FRANKENSTEIN’S CREATURE OR COMMANDER DATA?
with the biological modification of people, but also resolves some. One question is the familiar one of access: If a $100,000 implant can make one healthier or smarter, does that mean that only the rich will benefit from it? A brand-new concern comes from the mixed nature of a bionic individual.Imagine a person with so many implants that he or she is largely artificial. Especially if neural function has been modi- fied,is this entity the same person who held,let us say,the right to vote and own property? This potential legal issue points to the need for new definitions of personhood and of being human.Yet the technol- ogy of artificiality can also resolve some troublesome situations.With workable artificial parts, the ill would no longer need to await donors of living tissue, dissolving the moral and medical issues surrounding the harvesting of human body parts. Another advantage of bionic modification is the fact that these alterations do not enter the gene pool—unlike genetic changes, the effects of which could include un- foreseen long-term harm ongoing through the generations.
Important as all these factors are, they are not the only ones we project onto artificial beings. Religious or spiritual beliefs can also color our views toward synthetic beings. Some writers ascribe the positive attitude of the Japanese to Shinto, their native religion, and to Buddhism, imported to Japan from India in the sixth century. In his book The Japanese Mind, Robert Christopher comments that Bud- dhists take a different view of robots than do Christians because Bud- dhism “does not place man at the center of the universe and, in fact, makes no particular distinction between the animate and the inani- mate.”Along similar lines, Schodt’s Inside the Robot Kingdom notes that Buddhism, and more especially Shinto, encompasses the belief that even inanimate things can be conscious.“Mountains, trees, even rocks are worshipped for their kami, or indwelling ‘spirit,’” he writes, and adds,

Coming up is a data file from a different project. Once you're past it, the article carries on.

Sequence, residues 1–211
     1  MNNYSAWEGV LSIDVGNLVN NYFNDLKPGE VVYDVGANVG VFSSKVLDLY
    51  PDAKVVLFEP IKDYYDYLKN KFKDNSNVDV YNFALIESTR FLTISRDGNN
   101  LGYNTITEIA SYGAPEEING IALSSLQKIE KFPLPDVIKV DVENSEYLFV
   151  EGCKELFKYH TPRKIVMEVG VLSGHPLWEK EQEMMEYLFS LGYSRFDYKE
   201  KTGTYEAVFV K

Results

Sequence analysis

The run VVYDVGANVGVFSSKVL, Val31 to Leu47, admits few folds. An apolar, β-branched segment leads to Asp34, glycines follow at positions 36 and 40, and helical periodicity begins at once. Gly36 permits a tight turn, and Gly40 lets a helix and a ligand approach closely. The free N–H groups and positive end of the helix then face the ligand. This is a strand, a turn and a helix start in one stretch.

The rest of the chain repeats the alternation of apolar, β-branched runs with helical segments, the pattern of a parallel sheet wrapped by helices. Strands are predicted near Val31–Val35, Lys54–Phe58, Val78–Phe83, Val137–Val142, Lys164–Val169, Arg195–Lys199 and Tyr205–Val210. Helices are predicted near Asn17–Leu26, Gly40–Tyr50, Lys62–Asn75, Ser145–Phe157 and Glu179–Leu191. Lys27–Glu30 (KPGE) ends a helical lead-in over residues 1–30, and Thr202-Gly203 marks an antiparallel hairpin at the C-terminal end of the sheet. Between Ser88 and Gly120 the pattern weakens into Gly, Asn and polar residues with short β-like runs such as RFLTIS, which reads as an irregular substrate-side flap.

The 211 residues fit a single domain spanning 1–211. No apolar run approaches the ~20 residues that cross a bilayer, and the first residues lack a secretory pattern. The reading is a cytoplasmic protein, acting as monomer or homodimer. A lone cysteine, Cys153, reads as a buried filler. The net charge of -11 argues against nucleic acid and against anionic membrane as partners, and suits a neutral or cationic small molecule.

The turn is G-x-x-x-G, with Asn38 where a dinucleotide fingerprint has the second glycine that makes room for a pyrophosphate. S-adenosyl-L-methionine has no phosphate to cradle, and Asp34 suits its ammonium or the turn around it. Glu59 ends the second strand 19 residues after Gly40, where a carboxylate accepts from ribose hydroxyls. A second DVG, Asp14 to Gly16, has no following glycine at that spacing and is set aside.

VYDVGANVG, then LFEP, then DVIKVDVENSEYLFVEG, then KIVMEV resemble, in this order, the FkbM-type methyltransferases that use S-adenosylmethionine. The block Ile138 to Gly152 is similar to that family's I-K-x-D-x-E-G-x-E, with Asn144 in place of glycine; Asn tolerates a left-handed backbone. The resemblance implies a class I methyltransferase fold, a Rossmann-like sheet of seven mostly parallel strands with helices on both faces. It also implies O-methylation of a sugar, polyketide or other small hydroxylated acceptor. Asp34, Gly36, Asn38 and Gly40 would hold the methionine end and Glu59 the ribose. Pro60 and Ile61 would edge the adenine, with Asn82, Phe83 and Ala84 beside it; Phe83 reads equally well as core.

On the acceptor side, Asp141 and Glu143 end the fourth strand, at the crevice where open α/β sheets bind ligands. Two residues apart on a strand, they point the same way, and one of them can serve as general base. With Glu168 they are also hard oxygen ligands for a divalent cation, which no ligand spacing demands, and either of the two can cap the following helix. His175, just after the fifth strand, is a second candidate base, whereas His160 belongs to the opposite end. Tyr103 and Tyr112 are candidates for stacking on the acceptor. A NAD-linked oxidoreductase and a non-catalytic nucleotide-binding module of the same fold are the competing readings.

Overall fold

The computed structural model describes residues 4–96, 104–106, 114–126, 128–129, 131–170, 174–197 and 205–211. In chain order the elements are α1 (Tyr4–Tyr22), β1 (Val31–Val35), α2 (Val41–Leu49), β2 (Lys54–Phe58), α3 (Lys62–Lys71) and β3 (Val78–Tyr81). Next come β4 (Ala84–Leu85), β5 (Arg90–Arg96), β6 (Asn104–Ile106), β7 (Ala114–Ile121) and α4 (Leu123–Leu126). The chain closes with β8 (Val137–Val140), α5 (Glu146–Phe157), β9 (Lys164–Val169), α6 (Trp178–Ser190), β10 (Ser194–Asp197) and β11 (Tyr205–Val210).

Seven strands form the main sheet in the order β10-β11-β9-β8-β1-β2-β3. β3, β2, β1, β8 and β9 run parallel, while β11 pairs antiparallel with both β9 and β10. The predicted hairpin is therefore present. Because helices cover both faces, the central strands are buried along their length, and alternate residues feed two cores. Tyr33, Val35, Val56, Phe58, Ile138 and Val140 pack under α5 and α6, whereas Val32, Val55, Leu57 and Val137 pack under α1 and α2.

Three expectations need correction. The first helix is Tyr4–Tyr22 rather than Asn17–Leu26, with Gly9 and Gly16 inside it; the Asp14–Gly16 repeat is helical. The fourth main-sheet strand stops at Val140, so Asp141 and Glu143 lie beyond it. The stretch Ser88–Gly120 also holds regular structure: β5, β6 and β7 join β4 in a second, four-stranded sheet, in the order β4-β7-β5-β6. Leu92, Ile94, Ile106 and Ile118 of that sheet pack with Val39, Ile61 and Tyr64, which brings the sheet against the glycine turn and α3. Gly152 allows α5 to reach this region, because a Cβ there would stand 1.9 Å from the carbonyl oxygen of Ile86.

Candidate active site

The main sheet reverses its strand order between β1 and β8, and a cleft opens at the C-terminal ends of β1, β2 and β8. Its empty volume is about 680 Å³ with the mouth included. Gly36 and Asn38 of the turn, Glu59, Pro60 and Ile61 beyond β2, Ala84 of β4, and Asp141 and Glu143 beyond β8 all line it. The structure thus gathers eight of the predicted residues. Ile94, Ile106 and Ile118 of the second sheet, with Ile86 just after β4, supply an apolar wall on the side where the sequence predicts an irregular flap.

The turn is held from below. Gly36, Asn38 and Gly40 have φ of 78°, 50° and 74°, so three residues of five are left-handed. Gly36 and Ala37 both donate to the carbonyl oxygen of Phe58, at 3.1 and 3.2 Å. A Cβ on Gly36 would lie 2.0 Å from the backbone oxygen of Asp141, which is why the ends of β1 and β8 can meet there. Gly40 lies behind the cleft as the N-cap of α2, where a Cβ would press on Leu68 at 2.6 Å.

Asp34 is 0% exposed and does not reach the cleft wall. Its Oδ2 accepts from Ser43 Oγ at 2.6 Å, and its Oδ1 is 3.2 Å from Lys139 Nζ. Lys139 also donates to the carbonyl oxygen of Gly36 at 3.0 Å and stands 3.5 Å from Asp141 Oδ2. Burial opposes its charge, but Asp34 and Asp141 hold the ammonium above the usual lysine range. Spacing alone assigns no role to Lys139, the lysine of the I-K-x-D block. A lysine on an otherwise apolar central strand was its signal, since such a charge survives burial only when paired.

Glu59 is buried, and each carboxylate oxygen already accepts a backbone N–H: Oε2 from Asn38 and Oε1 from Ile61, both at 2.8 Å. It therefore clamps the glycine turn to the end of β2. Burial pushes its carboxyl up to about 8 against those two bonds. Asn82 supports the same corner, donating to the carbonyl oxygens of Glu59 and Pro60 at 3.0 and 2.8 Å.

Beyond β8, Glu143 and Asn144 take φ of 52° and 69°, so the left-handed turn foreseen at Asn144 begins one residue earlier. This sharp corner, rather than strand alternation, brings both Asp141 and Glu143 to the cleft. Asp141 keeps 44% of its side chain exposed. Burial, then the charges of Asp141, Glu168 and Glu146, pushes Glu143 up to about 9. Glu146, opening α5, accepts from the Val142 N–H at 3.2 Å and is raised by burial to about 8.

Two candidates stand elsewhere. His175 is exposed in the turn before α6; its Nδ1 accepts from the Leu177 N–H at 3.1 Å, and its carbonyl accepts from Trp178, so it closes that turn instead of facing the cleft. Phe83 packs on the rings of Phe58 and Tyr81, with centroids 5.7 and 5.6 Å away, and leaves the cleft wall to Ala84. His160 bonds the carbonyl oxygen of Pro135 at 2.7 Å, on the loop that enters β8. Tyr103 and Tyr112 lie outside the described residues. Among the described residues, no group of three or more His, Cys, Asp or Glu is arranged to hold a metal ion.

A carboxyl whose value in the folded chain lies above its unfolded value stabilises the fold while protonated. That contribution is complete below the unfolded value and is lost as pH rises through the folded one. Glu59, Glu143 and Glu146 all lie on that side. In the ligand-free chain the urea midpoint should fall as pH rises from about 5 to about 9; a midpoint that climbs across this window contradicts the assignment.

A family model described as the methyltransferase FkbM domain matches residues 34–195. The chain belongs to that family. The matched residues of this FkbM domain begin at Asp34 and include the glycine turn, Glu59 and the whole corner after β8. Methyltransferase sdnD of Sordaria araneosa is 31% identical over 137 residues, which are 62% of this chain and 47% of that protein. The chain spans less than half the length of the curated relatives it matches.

samurai swords and carpenter’s tools have “souls”…[For a] videotape on children’s robot shows, a producer writes that “people not only make friends with each other, but with animals and plants, the wind, rain, moun- tains, rivers, the sun and the moon.A doll [robot] in the shape of a human is therefore even more of a friend.”